What is so curious about the Namgis protest in the Broughton is the number of third party interests intervening READ IT HERE
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My last blog post discussed fake seafood news. That blog post was timely, given an old online article has found new life on the internet titled “Farmed Salmon – One of the Most Toxic Foods in the World.” To be blunt, this is a poorly crafted piece of nonsense, and so far removed from fact that even correcting it seems to provide unworthy credibility. However, I feel we owe a response to the people who aren’t salmon farmers, who may not know our business intimately enough to respond themselves, and simply love our product but are understandably enraged READ IT HERE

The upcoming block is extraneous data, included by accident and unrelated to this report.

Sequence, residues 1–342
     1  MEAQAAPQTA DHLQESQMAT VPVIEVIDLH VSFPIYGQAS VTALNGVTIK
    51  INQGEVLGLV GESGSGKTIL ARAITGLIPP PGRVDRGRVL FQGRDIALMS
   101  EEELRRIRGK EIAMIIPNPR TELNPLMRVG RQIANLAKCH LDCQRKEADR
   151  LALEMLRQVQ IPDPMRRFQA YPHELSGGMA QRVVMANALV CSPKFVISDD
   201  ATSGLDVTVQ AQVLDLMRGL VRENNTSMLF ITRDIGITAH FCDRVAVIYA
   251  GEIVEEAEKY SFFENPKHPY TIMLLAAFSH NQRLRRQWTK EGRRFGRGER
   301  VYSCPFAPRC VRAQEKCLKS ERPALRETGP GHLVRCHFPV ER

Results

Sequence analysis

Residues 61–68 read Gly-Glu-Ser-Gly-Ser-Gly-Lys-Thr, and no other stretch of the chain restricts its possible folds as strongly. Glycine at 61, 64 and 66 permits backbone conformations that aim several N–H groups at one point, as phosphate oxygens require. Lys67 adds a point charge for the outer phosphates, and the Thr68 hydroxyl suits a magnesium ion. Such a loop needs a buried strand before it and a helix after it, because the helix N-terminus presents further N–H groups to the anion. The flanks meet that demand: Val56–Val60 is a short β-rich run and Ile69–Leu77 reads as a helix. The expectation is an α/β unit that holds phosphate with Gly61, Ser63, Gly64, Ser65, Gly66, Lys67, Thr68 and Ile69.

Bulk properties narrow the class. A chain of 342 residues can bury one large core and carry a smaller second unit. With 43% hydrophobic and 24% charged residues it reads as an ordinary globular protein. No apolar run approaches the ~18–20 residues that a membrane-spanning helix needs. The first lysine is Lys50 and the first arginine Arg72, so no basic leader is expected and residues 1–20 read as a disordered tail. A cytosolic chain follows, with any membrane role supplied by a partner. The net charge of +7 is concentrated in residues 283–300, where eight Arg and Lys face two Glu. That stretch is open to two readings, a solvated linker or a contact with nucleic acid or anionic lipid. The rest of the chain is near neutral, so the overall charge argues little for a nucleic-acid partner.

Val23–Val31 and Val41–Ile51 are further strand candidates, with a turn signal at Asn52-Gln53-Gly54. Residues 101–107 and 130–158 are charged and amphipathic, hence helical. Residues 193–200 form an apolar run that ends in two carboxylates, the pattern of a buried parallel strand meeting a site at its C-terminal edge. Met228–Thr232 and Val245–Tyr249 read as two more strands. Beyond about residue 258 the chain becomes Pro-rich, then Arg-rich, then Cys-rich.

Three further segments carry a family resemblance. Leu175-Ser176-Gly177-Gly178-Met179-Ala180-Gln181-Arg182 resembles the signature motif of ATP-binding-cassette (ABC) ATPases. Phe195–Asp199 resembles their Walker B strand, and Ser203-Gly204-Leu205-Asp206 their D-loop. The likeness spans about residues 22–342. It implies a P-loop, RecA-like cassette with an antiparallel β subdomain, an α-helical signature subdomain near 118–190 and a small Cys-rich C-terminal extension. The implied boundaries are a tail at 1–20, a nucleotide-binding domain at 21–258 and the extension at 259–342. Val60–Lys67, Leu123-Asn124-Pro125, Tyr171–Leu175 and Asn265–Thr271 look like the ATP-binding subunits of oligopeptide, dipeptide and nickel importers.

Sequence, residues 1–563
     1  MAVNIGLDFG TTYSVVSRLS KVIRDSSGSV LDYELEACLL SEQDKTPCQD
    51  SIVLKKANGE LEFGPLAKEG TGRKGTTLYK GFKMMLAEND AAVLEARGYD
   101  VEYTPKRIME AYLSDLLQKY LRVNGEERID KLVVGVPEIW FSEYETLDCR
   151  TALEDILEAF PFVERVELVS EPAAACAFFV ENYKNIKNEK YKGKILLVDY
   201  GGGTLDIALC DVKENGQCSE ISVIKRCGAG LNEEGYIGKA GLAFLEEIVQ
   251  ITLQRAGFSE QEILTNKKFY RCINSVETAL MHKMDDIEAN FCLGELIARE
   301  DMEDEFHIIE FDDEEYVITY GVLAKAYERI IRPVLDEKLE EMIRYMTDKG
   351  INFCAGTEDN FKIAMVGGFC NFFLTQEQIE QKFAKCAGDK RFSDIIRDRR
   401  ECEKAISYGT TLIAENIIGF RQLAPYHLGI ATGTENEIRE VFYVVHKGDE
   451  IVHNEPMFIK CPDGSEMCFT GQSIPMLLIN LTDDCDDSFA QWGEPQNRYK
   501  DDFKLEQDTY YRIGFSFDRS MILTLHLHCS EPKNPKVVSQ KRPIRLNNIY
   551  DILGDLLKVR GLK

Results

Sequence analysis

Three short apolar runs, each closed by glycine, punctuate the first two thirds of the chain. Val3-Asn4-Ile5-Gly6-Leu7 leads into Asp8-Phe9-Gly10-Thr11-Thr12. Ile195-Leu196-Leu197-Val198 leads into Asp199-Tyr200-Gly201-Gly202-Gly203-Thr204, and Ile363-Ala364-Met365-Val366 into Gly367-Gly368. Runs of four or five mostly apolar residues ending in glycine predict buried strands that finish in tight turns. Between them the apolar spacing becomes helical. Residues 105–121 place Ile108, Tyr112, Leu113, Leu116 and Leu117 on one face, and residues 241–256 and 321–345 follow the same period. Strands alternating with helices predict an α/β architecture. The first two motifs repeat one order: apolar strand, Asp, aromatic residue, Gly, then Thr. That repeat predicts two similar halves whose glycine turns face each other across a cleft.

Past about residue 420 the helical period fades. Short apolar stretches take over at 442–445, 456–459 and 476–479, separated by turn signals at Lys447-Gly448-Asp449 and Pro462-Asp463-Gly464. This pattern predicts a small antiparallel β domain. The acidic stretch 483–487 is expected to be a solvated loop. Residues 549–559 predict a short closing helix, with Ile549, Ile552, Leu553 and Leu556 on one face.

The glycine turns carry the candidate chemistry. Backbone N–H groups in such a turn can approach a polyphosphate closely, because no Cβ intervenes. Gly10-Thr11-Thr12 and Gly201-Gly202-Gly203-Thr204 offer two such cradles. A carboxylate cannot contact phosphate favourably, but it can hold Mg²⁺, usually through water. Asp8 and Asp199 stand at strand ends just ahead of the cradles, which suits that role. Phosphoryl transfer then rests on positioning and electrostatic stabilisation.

Over 50 people registered for an intimate gathering of Nanaimo Community Conversations on Salmon Farming, Feb. 21, which ran from 8:00-9:30am. The participation was organized by Headwaters Community Conversations and the BCSFA. During the dialogue, particpants explored ideas for building sustainable long-term coastal economies, while considering how to engage the scientific community and other community voices about a role of salmon farming in B.C.’s economy. READ IT HERE
Last year in Campbell River, B.C., Marine Harvest Canada (MHC) announced it has invested in innovative net-cleaning technology after discontinuing use of copper-treated nets at its salmon farms in British Columbia. This new method of cleaning – called Remote Operated Net Cleaners (RONCs) – uses high pressure water and scrubbing discs to safely remove organics that naturally grow on net pens that contain farm-raised salmon. READ IT HERE
FISHERIES AND AQUACULTURE